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Some kids need a good punch in the face!

Some kids really do need a good punch in the face. I’m not talking about a punch from an adult (although if they’re teenagers it might be okay), but from their peers.

I teach martial arts to kids, and the first thing that I teach them is that I’m not teaching them fight, I’m teaching them to defend themselves. There is a fundamental difference between the two. No-one has the right to attack someone else. Everyone has the right to defend themselves, or anyone else, from an attack.

Unfortunately, most schools emphasise non-violence so much that they rob children of the right to defend themselves. Actually, they rob the children who are raised decently, by morally conscientious parents, of the right to defend themselves, because those that aren’t decent really don’t care if they suffer the wrath of their teacher. Henceforth we shall call her Mrs Toosweet.

What this leads to is the nice kids adhering to the rules, and being hurt. What this leads to is the rough kids hurting whomever they like and being ‘punished’ by having Mrs Toosweet verbally admonish them, probably whilst simpering all the time, and worrying about whether his parents would come into the school and kick her head in.

Case in point. My daughter has a small scab from where some little lad – let’s call him Toerag – thought it would be fun to stab her with a freshly sharpened pencil. Very fucking funny. Not. It doesn’t matter that the scab is small. It doesn’t matter that she wasn’t seriously hurt (thank God). It does matter that apparently Toerag had none of the normal social awareness or moral upbringing that told him ‘Stabbing people with sharp pencils is BAD!’

When I asked her whether she hit him back she said no, because she didn’t want to get into trouble.

Now, I’m sorry, but a stern talking to from Mrs Toosweet is going to have little effect on Toerag. He might cry a little at the time, and have to miss out on getting Mr Cuddles, the cuddly bear, during story time, but that’s it.

However, I firmly believe that if my daughter had smacked him in the face, no matter how hard, that consequence would remain in his mind for much longer. At the very least it would make him think twice about trying anything on my daughter. That, for me, is a result.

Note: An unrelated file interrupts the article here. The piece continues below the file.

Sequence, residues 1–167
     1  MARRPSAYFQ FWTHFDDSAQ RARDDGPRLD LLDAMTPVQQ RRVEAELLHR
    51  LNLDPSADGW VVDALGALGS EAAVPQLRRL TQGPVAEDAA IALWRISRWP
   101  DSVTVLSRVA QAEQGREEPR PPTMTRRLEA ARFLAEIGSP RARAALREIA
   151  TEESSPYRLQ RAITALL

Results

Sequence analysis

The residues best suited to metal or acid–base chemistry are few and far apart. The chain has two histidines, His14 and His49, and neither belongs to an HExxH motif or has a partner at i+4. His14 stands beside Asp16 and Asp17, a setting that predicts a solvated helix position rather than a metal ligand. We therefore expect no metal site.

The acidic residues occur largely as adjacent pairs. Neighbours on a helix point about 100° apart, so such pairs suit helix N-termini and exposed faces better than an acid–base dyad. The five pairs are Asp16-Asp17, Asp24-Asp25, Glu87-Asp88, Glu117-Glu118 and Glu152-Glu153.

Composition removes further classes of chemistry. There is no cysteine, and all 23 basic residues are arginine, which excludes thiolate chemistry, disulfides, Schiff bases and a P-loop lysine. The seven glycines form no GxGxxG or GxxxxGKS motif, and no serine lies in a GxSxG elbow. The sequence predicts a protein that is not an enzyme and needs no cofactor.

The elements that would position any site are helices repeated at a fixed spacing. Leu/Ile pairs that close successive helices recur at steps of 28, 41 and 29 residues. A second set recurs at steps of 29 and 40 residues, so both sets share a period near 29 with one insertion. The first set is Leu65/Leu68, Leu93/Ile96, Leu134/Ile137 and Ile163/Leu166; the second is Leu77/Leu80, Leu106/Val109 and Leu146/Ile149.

So, whilst I applaud the educational system for trying to stop violence, I think that they need to teach children the difference between attacking someone and self-defence. Turning the other cheek just means that that cheek will get hit instead, and that all the other Toerags of the world will see that they can get away with pretty much anything they want.

About mattsylvester

Father of two beautiful daughters and married to the beautiful Karen, Matthew has been reading and writing fantasy and science fiction since he first read the Hobbit at the age of 7. Matthew was Features Editor, Technical Consultant and regular columnist for magazines such as ‘Fighters’, ‘Combat’, ‘TKD & Korean Martial Arts’ and ‘Traditional Karate’. These are the four leading martial arts magazines in the United Kingdom. He is also the author of the critically acclaimed 'Practical Taekwondo: Back to the Roots', which has been sold around the world. With regard to his martial arts background he has been studying martial arts since 1991. In 1995 he hosted Professor Rick Clark of the ADK and since then has been studying pressure points and their uses in the martial arts and on the street (initially as a Special Constable and as a Door Supervisor). All of this practical hands-on experience means that he is uniquely placed to write fight scenes that are not only plausible but some of which are based on personal or anecdotal experience. Matthew has had a number of short stories published by Fringe Works, KnightWatch Press, Anderfam Press and Emby Press.


4 thoughts on “Some kids need a good punch in the face!

  1. My brother got called into nursery because his eldest son punched another boy in the face a few times, on closer examination the boy was biting my nephew hard at the time, which is why he punched him. My brother couldn’t really tell his son off as he or indeed myself in the same circumstance would have done the same thing.
    We are far too soft these days and it’s affecting society on many levels, previous generations would simply have drawn the line with some of the things people are allowed to get away with today.


    Posted by Phil Miles (@UK_Hardgeek) | May 9, 2012, 9:11 pm
  2. Totally agree with you. I have two boys the older one often reacting more passively than I would like him to for the reason your daughter said – he didn’t want to get in trouble. Our school K-9 conducted a bully proofing workshop over a two week period that changed the culture in the school. It was fantastic! Hopefully more schools will be able to do the same.


    Posted by Linda Bhatty | May 10, 2012, 12:04 am

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